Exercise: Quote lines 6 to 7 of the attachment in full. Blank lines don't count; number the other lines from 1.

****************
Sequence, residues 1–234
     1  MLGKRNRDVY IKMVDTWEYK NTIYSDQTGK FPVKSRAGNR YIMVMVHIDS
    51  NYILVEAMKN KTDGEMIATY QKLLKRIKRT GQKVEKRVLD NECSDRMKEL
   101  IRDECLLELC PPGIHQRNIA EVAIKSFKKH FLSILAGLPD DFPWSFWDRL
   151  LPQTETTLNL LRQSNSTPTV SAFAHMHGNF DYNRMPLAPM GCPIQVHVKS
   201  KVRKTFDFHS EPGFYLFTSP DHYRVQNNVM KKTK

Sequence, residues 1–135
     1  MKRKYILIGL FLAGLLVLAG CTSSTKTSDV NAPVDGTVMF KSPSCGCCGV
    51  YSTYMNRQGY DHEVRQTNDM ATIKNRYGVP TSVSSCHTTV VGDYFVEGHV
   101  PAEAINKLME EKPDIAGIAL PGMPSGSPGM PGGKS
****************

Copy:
   201  KVRKTFDFHS EPGFYLFTSP DHYRVQNNVM KKTK

Sequence, residues 1–135